On the maintenance side we’ve changed the front caster wheel bearings and caster pivots so maintenance is only required annually. The new bearings also feature a new dust/debris guard to protect the seal and prevent premature replacement or service.

    In the past 3 years alone I have seen at least seven new decks come onto the market. I have yet to see one that offers so many features and functions so well in such a wide variety of cutting conditions. Some cut great in wet grass and some cut great in dry or on northern grasses vs. southern grasses. One of the things I like most about our deck is that it functions well in nearly any cutting condition. This often means changing to a different type of blade or some other slight change but as a whole it should cut well just about anywhere in North America.

    Dealer support is often overlooked as criteria when buying a new lawnmower and should be very high on the list. Manufacturer support is also important as well.

    We are currently working on several projects right now. Some of them may improve the products we have, some may help us design completely new machines and others may be utilized in other ways. I do want to thank you for you product suggestions. All of them will be considered and presented to our product development team for potential use on our current products or future ones. You might be suprised one day what we come out with.


  4. scottishmaximus

    scottishmaximus LawnSite Senior Member
    from ohio
    Posts: 286

    I have been comparing the Toro Z and the eXmark Lazer. I liked the rubber discharge chute on the toro. I find the metal chutes a waste since they tend to clump grass and drag on uneven terrain.

    Another plus for the Toro was the jack (z stand) that is mounted on the front. Just a nice feature for cleaning decks and changing blades.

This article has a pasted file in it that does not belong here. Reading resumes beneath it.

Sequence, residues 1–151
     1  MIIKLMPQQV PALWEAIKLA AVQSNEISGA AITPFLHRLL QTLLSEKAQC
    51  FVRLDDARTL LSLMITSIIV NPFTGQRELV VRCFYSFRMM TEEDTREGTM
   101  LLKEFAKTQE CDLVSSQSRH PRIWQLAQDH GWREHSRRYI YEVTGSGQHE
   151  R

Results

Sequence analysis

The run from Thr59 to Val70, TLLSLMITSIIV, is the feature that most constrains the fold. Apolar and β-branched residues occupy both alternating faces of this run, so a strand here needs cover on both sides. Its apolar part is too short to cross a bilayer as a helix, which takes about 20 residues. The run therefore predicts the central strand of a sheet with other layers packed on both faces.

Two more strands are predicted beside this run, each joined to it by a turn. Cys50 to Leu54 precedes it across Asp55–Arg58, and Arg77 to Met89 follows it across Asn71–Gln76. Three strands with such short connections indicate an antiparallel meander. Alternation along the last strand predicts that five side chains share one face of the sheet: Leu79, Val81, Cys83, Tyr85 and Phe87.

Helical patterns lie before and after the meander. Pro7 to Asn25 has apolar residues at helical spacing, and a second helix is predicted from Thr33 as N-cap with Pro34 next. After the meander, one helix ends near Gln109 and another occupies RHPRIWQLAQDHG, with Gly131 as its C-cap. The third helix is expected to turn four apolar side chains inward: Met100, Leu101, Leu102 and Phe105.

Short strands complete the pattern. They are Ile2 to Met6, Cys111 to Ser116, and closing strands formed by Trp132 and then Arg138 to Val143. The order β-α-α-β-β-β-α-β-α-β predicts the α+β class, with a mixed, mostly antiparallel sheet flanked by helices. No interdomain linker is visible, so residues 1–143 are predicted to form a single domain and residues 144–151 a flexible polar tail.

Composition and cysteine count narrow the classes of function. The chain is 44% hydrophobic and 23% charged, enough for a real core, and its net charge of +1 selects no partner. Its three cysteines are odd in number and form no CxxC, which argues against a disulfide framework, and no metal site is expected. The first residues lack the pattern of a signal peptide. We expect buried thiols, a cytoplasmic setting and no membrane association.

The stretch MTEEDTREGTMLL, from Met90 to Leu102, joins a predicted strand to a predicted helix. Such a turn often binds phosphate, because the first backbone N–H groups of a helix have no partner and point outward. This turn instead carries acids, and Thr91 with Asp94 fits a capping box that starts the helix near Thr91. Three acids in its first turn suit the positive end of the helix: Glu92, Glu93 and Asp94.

The Toro also has the adjustable deck baffle. In all honesty I don' think I'd ever change it from wide open, but I really do not know unless I tried one.

    There is a lot of hype about the Toro blade spindles. To me this is actually a drawback because they have grease fittings, making another maintenance point. And who cares how big and massive they are, as long as they do the job. I have never had problems with a blade spindle anyways.

    The Toro seems to have many of the same features that the eXmark has. Thank you Terry for pointing out some of the less obvious ones such as the handles and control locations. The thing that gets me is that the Toro z of equivilant horsepower and deck size as the Lazer is at least $500 cheaper at my local dealers.

    The Toro being $500 cheaper and having the usable discharge chute and usable jack seems to make more sense to me. The only other variable I see is dealer support. Am I missing something. I am a big eXmark fan, but am not quite convinced.
  5. Potchkins

    Potchkins LawnSite Senior Member
    Posts: 570

    how about a lazer z with a cab and a/c.
  6. Potchkins

    Potchkins LawnSite Senior Member
    Posts: 570

    diesel powered lazer z w/21 or 24hp
    52" cut
  7. Potchkins

    Potchkins LawnSite Senior Member
    Posts: 570

    diesel powered lazer z hp w/19 or 21hp
    48" cut